Writer Tom Fort drives its 92-mile length in a lovingly restored Morris Traveller. Along the way he has many adventures - he digs up the 1960s master plan for the A303's dreams of superhighway status, meets up with a Neolithic traveller who knew the road like the back of his hand, gets to know a section of the Roman 303, uncovers a medieval murder mystery and discovers what lies at the end of the Highway to the Sun.


MON 21:00 London: A Tale of Two Cities with Dan Cruickshank (p00r36lv)
Dan Cruickshank follows in the footsteps of John Stow and John Strype, two of London's greatest chroniclers, to explore one of the most dramatic centuries in the history of London.

The 17th century saw London plunged into a series of devastating disasters. The Civil War, a murderous plague and the destruction that was the great fire should have seen the small medieval city all but destroyed. Yet somehow, London not only survived but emerged as one of the wealthiest and most influential cities in Europe.

Using two remarkable surveys written at either end of this momentous century, Dan discovers how a unique combination of innovation, ambition and sheer spirit of enterprise saw Londoners thrive. His journey reveals the twists and turns of a century that laid the foundations of one of the most important cities on the planet.


MON 22:00 Timeshift (b0105r8x)
Series 10

Crime and Punishment - The Story of Capital Punishment

Timeshift digs into the archive to trace the extraordinary story of the ultimate sanction. At the beginning of the 19th century you could still be hanged in Britain for offences such as stealing a sheep or shooting a rabbit. Even children as young as seven were sent to the gallows. The last hanging in this country took place as recently as 1964.

By opting for a dispassionate history rather than staging the usual polarised debate, the programme breaks new ground with its fascinating attention to detail, such as the protocols of the public execution or the 'science' of hanging. With contributions from both sides of the argument, it provides an essential guide to a subject that still divides us.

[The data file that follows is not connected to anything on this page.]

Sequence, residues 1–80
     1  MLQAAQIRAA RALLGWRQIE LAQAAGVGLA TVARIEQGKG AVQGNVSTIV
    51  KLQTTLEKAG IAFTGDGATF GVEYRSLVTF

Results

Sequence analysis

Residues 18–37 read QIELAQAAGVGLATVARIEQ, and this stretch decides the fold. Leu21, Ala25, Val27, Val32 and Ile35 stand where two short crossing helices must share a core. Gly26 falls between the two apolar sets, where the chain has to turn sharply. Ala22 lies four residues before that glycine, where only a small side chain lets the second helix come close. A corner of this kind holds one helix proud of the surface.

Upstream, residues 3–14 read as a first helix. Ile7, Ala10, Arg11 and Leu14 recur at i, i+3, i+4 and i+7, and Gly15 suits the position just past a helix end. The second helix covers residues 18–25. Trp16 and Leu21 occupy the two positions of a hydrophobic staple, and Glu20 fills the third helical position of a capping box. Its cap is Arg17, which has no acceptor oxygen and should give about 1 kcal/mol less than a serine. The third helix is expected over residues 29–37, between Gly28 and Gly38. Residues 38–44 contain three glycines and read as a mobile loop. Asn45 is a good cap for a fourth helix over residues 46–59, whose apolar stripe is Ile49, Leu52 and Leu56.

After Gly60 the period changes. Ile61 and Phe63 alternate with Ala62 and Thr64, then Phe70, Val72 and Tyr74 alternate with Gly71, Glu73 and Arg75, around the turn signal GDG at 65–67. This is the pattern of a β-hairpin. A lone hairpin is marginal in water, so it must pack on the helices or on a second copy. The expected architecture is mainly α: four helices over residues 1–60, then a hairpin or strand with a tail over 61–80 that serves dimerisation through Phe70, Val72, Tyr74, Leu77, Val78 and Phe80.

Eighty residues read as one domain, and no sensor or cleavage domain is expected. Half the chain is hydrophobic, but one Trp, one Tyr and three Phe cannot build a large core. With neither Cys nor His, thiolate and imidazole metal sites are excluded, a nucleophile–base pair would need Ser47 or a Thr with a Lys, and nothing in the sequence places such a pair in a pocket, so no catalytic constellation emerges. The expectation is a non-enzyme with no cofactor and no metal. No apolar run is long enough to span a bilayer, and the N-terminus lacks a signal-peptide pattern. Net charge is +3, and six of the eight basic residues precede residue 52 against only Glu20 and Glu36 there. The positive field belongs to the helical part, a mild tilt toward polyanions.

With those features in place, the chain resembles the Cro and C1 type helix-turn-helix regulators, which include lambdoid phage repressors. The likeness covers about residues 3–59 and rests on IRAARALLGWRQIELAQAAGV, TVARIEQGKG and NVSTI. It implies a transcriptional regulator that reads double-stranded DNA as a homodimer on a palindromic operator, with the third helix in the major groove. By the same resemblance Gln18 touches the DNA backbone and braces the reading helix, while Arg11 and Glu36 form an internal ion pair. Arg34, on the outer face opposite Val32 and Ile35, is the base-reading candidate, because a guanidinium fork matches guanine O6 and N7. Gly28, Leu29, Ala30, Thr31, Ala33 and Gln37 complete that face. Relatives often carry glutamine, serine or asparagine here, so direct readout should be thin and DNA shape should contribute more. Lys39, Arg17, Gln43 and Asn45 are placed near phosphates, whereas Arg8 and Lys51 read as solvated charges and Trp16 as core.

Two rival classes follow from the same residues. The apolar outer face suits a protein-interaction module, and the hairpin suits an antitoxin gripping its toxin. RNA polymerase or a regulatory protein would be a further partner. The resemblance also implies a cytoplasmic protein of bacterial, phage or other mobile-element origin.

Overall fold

MON 23:00 The Secrets of Scott's Hut (b010n2lm)
Ben Fogle joins an expedition across Antarctica to find Captain Scott's hut, frozen in time for a century. The hut was built to support Scott's 1911 attempt to be first to the South Pole, and was later abandoned together with 10,000 personal, everyday and scientific items.

Ben uncovers the hut and its contents, finding new information about his hero Scott and his famously tragic expedition. Scott's diaries are read by Kenneth Branagh.


MON 00:30 The Secret Life of Ice (b016fpyy)
Ice is one of the strangest, most beguiling and mesmerising substances in the world. Full of contradictions, it is transparent, yet it can glow with colour, it is powerful enough to shatter rock, but it can melt in the blink of an eye. It takes many shapes, from the fleeting beauty of a snowflake to the multimillion-tonne vastness of a glacier and the eeriness of the ice fountains of far-flung moons.

Science writer Dr Gabrielle Walker has been obsessed with ice ever since she first set foot on Arctic sea ice. In this programme, she searches out some of the secrets hidden deep within the ice crystal to try to discover how something so ephemeral has the power to sculpt landscapes, to preserve our past and inform our future.


MON 01:30 Natural World (b0078zwl)
2005-2006

Penguins of the Antarctic

Antarctica's penguins are some of the most endearing animals on earth, but behind the comical behaviour is a continual struggle to survive the deadly cold. Each penguin has its own strategy - some rely on thick down coats and fat reserves, others migrate north for the winter or stay on volcano-heated islands. Life in the freezer is getting even tougher as Antarctica's climate starts to change. The ice-loving Emperor penguins may be the first to lose out, but their cousins, the King penguins, are waiting in the wings to take over. All penguins must draw on their ability to defy the odds if they are to survive their greatest challenge yet.


MON 02:20 A303: Highway to the Sun (b0116ly6)
[Repeat of broadcast at 20:00 today]


MON 03:20 London: A Tale of Two Cities with Dan Cruickshank (p00r36lv)
[Repeat of broadcast at 21:00 today]



TUESDAY 12 JUNE 2012

TUE 19:00 World News Today (b01jv452)
The latest national and international news, exploring the day's events from a global perspective.


TUE 19:30 Great British Railway Journeys (b00psz7n)
Series 1

Pontefract to Bridlington

Michael Portillo takes to the tracks with a copy of George Bradshaw's Victorian Railway Guidebook. In a series of four epic journeys, Portillo travels the length and breadth of the country to see how the railways changed us, and what remains of Bradshaw's Britain. His first journey is from Liverpool to Scarborough.

Michael searches for the last liquorice grower in Pontefract, discovers how the railways turned Hull into one of the largest white fish ports in the world and goes fishing for sea bass in Bridlington.


TUE 20:00 The Grammar School: A Secret History (b019c88d)
Episode 2